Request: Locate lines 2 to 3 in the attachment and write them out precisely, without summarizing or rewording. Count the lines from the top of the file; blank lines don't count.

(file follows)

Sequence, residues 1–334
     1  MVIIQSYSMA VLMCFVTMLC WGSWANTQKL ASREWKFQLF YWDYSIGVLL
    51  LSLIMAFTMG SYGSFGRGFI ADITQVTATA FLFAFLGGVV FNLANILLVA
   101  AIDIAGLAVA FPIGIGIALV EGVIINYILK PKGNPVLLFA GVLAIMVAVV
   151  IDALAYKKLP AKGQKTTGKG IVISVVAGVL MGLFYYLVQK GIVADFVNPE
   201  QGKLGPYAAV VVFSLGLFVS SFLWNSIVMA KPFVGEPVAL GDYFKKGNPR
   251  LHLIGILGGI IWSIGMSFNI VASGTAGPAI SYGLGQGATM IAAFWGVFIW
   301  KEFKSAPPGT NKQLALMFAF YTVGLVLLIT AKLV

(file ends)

     1  MVIIQSYSMA VLMCFVTMLC WGSWANTQKL ASREWKFQLF YWDYSIGVLL
    51  LSLIMAFTMG SYGSFGRGFI ADITQVTATA FLFAFLGGVV FNLANILLVA